The film (8mm, 16mm, 35mm, 65mm, 70mm) format is acknowledged as the Best Format in Capturing Motion Picture Images; The Digital Format is a Less Expensive Way to Produce a Motion Picture Project
Undoubtedly, shooting on film is still acknowledged as the best format in capturing motion picture images. Yet, the digital format continues to develop in order to reach, or sooner or later, attempt to finally beat the quality and resolution offered by the film format in any kind of movie production.
The main advantage of the digital format is that it’s a cost-effective option for any production with a conservative budget. From the workflow to the financial requirements, shooting digitally is an ideal route for independent film projects and just about any production on a tight budget.
Shooting on Film Format
Shooting on film has more than a century of continued patronage from both filmmakers and film audiences. While considerably expensive, this format is the most reliable in terms of capturing the best picture quality for any type of film work.
The use of a film negative in a motion-picture production is comparable with the process employed in still photography. For a still picture shot with an old camera using a 35mm film negative, even the cheapest still camera available provides a relatively good picture quality which can be readily blown up to 10 inches more (or even bigger) from the typical 3R-size (3×5 inches) photo, without any alarming issue on picture quality. Blowing up a photo using the original negative allows this without having to compensate on the usual problem in digital photography: pixiliation.
When using a digital camera, instead of using very small film grains (standard to any type of film negative and any film camera used, regardless of using professional or consumer resources), the digital image is stored in pixels. These pixels are very small squares. Depending on the quality of a captured digital image, once the pixels reach their maximum blow-up size, the edges from these small squares start to show. This same concept in still photography applies to a motion picture work.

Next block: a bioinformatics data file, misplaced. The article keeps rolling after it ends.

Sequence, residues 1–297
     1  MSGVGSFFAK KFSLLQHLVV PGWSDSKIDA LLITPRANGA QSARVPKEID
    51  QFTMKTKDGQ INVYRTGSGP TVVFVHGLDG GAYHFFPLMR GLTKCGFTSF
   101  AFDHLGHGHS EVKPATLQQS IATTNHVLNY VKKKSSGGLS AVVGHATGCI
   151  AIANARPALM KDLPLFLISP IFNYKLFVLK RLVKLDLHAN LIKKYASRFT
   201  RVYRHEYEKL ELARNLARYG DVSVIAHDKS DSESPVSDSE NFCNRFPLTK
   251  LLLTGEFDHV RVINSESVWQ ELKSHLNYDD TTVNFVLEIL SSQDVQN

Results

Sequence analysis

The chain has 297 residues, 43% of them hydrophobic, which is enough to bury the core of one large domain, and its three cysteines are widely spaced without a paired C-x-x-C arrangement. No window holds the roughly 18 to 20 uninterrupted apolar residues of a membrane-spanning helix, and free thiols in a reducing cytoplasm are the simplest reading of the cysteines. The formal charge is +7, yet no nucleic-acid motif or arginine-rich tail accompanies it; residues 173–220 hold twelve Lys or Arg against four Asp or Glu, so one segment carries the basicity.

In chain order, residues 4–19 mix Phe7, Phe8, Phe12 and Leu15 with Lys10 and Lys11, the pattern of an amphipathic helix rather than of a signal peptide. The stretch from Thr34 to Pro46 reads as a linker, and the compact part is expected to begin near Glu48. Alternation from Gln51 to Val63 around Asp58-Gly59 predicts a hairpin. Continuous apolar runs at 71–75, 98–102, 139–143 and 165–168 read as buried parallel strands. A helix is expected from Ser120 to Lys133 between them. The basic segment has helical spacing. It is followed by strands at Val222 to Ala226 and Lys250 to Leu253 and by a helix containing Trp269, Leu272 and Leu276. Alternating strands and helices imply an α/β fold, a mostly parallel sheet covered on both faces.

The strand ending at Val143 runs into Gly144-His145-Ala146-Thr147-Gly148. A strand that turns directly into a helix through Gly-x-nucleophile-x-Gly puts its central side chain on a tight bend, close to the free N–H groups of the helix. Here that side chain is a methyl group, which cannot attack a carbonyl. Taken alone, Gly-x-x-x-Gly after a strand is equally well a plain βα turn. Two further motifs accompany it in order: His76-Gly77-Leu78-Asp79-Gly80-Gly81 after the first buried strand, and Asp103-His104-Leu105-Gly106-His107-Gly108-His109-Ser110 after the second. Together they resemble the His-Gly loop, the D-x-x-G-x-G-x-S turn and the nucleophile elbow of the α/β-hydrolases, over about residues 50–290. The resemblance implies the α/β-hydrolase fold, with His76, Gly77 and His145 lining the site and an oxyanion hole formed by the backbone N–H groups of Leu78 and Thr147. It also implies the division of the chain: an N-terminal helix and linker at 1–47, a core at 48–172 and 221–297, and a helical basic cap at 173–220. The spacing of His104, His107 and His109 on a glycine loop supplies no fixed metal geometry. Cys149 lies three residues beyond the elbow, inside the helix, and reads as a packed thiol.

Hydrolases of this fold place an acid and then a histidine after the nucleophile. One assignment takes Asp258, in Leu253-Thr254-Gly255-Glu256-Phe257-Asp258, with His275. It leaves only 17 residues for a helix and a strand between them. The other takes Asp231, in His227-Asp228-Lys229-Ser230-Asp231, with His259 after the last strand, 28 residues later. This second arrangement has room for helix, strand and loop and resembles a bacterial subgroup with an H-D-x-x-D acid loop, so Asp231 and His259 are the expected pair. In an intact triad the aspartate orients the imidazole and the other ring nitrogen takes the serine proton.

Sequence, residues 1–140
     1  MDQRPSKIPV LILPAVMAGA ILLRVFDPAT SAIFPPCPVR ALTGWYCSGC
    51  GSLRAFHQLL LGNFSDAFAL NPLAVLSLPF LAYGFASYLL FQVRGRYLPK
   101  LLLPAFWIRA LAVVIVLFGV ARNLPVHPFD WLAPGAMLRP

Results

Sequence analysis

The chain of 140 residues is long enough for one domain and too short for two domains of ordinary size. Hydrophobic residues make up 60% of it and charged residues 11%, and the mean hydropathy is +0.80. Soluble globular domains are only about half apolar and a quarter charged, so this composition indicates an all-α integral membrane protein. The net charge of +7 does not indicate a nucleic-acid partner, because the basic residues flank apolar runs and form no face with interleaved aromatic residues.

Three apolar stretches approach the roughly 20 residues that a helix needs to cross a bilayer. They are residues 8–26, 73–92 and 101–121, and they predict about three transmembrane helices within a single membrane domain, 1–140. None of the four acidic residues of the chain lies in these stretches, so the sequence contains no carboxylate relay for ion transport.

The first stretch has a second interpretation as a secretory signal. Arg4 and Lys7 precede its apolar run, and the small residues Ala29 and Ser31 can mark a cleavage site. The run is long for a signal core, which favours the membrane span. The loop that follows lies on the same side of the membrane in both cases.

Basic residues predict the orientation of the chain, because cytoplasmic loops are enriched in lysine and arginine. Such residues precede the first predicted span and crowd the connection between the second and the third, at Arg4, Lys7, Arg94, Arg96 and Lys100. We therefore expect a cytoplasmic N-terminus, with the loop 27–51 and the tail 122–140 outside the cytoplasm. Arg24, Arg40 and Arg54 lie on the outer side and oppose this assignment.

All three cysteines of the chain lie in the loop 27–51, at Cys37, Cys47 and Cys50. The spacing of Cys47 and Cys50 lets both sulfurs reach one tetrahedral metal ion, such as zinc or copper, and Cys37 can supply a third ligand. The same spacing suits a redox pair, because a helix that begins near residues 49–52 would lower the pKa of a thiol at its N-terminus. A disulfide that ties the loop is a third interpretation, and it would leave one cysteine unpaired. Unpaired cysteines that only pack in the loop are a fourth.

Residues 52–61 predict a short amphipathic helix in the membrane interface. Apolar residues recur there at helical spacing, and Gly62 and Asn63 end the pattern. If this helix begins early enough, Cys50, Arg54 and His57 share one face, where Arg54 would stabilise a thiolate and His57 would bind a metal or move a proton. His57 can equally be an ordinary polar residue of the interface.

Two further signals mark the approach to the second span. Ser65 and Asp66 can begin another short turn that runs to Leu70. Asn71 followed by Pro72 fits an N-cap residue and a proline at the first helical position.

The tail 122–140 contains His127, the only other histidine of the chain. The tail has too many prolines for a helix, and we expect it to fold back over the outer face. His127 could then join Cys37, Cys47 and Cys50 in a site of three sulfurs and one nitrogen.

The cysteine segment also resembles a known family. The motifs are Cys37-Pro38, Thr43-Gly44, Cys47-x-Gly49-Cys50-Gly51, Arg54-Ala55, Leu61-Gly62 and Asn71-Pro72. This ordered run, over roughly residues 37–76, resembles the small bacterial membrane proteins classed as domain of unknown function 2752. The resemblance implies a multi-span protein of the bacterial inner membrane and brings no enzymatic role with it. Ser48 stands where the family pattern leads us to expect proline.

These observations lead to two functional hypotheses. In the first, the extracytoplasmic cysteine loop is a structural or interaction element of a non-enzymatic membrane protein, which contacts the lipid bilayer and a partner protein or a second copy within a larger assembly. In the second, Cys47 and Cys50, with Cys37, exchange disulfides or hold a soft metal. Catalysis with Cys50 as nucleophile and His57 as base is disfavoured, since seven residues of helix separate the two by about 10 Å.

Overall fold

A film grain is circular. Even when blown up into very large prints, the grains still render well without the annoying pixels coming from the digital format. When shooting digitally, the digital format’s maximum blow-up size is still inferior with that of film.
Shooting on Digital Format
For a digital film, the footage is either shot using standard definition (SD) or high definition (HD) format.
Before the HD format has become widely used more than a decade ago, the term “digital film” referred to any production that originated from a non-film source. This means that the film was shot using any professional or consumer-type video cameras, instead of using a film camera and a film negative (in 8mm, 16mm, 35mm, or 65mm format).
With the birth of HD, the term “digital film” more often referred to a production shot in HD format. Along with this technology came the new commercial and independent movie theaters specifically catering to digital films using HD projectors. Such type of cinema is called the “digital cinema” (or digital theater). The primary difference of a digital cinema with that of a regular movie theater is that the digital cinema’s source material is not the standard 35mm film print, but a digital file in HD format. Instead of projecting the movie using a 35mm film projector, an HD projector is used to show the movie on the big screen.
Technical Comparison: Film Vs. Digital
Since the film format uses an organic process, while the HD format uses a digital process, the only way to make a technical comparison between the two is to convert the other one’s values into the same format as the other. Unlike the digital format, the film format can readily be converted into digital values.
When shooting on film, digitally scanning it for post-production work offers a resolution approximated to be 4K pixels per line. This means a full scan resolution of 4096 pixels by 3072 lines when a film negative is scanned or digitized into digital images.
When shooting on HD, the technical values referring to its resolution may either be 1280×720 pixels (720p) or 1920×1080 pixels (1080i/1080p). Here, the “i” refers to interlaced while the “p” refers to progressive.